Simultaneous Localization and Mapping

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Accurate Scene Reconstruction using LiDAR

LiDAR is a great technique to collect spatial data. Where a photo would capture in detail what colour a point in a scene has, the LiDAR image would capture the exact location of the point. This makes LiDAR data useful for when we need to measure distances in the real world.

A drawback of LiDAR, compared to photographs, is its limited resolution. A consumer grade photo camera would have about 30 times the information density than a state of the art LiDAR sensor.

While the LiDAR images have great precision, they do not have a lot of detail. So it can give you the exact distance between two points, but if and only if you have actually observed both points simultaneously.

A single frame does not provide us with enough data. We must therefore collect more frames. Between those frames we should move around, otherwise we would be scanning the same point over and over again. Now we have a better coverage of the scene.

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While we scanned many more points we didn't gain much in terms of detail. We have very good measurements of where all the scanned points are located with respect to the observer (i.e. the sensor). But we have no information where the sensor is at any given time relative to itself a moment ago.

If we know the path our sensor had traveled we can figure out where our measurements would fit in the world. If we know where our measurements would fit in the world we can figure out the path our sensor has traveled. But we know neither. This catch 22 is the heart of SLAM: Simultaneous Localisation and Mapping. We need to solve those 2 problems at once.

Simultaneous Localisation and Mapping

With SLAM we try to reconstruct the motion and pose of our sensor using the data we measured. We can add GPS and an additional Inertia Measurement Unit, or IMU, to provide us with a hint of our location, heading and velocity. But ultimately for a good result these technologies are nowhere near accurate enough, lack precision and experience drift. So for the finer registration we need to look at the actual LiDAR data.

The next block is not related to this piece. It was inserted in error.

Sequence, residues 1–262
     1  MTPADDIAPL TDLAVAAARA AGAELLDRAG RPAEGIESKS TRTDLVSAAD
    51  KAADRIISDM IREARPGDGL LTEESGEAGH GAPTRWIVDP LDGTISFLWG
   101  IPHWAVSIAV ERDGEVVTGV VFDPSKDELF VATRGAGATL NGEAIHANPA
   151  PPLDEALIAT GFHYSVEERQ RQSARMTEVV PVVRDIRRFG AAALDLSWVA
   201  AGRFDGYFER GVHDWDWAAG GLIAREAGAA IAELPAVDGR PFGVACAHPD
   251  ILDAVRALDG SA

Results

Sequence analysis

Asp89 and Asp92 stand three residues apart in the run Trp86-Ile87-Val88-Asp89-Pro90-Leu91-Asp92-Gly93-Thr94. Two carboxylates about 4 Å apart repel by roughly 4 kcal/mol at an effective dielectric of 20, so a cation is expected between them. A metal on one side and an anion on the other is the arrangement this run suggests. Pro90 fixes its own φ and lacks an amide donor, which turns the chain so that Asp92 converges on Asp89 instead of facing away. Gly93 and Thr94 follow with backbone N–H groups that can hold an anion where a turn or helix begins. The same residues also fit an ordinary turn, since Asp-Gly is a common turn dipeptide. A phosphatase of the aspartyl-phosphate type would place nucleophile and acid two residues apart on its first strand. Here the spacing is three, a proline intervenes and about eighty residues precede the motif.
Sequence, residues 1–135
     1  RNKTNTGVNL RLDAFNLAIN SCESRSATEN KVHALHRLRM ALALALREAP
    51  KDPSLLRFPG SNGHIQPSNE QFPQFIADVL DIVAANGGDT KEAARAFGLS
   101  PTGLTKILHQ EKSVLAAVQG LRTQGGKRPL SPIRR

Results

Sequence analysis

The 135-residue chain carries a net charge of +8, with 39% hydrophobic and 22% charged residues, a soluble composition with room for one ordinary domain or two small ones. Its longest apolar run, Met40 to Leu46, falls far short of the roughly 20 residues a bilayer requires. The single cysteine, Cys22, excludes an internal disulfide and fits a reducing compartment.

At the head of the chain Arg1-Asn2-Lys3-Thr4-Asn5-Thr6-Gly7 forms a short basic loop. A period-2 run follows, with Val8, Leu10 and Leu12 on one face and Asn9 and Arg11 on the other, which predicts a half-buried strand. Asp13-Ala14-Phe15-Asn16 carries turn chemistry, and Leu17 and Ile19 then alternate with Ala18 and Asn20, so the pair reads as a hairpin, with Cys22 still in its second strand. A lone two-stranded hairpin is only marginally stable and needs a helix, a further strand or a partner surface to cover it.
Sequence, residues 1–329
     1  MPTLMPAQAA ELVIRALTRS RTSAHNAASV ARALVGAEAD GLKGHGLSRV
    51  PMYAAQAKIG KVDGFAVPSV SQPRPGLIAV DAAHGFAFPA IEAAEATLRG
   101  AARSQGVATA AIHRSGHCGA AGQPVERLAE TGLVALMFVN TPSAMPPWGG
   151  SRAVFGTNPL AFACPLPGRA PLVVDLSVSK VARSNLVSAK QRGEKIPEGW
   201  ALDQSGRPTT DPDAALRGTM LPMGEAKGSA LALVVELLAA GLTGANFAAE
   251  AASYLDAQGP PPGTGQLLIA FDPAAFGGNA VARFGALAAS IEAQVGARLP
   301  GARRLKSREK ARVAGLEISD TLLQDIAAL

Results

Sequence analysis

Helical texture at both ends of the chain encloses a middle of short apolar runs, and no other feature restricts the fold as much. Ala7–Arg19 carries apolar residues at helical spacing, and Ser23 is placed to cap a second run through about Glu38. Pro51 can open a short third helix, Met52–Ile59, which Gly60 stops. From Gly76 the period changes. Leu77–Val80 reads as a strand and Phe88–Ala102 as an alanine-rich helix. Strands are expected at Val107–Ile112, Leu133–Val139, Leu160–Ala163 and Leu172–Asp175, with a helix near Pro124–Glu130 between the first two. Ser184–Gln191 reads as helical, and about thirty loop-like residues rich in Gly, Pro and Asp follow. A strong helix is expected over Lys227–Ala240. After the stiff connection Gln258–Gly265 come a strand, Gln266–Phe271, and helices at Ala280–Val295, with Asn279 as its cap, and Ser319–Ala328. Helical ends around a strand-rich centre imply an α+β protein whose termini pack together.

To do this we must find information in our data that we can link together. I.e. find measurements on one frame we also find in other frames. We call these measurements 'features'. Only those measurements that stand out in some way, i.e. are distinct enough to be uniquely identified are useful to us. These features get assigned a descriptor. Descriptors can be used to compare two features and see what their distance is. Note: when we talk about distance here we do not mean their physical distance in the world which is unknown and precisely the problem we are tying to solve. But rather there distance in uniqueness. Two points with a low distance look very similar.

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By carefully matching similar features between LiDAR frames we can compute how accurately our frames would fit over each other. This is called the frame error. By finding a transformation, such as translation and rotation that could have happened between the two frames we can reduce the error. Finally if our error is sufficiently close to zero, or we can't find a transformation with a lower error, we are done and can advance to the next frames.

By repeating the above process we build a mental model on how our sensor moved through the scene. Then, we can correct each measurement with our calculated vantage point and we are able to build a digital twin of our scene.


  • No setup required, no Surveying.
  • Labor can continue during scan.
  • High data collection rate, we can scan a scene in minutes rather than hours.
  • As software advances earlier scans gain accuracy without revisiting the site.


  • Only objects visible (for the human eye) can be scanned.
  • Translucent and reflective surfaces/objects can not be scanned (e.g. large bodies of water)
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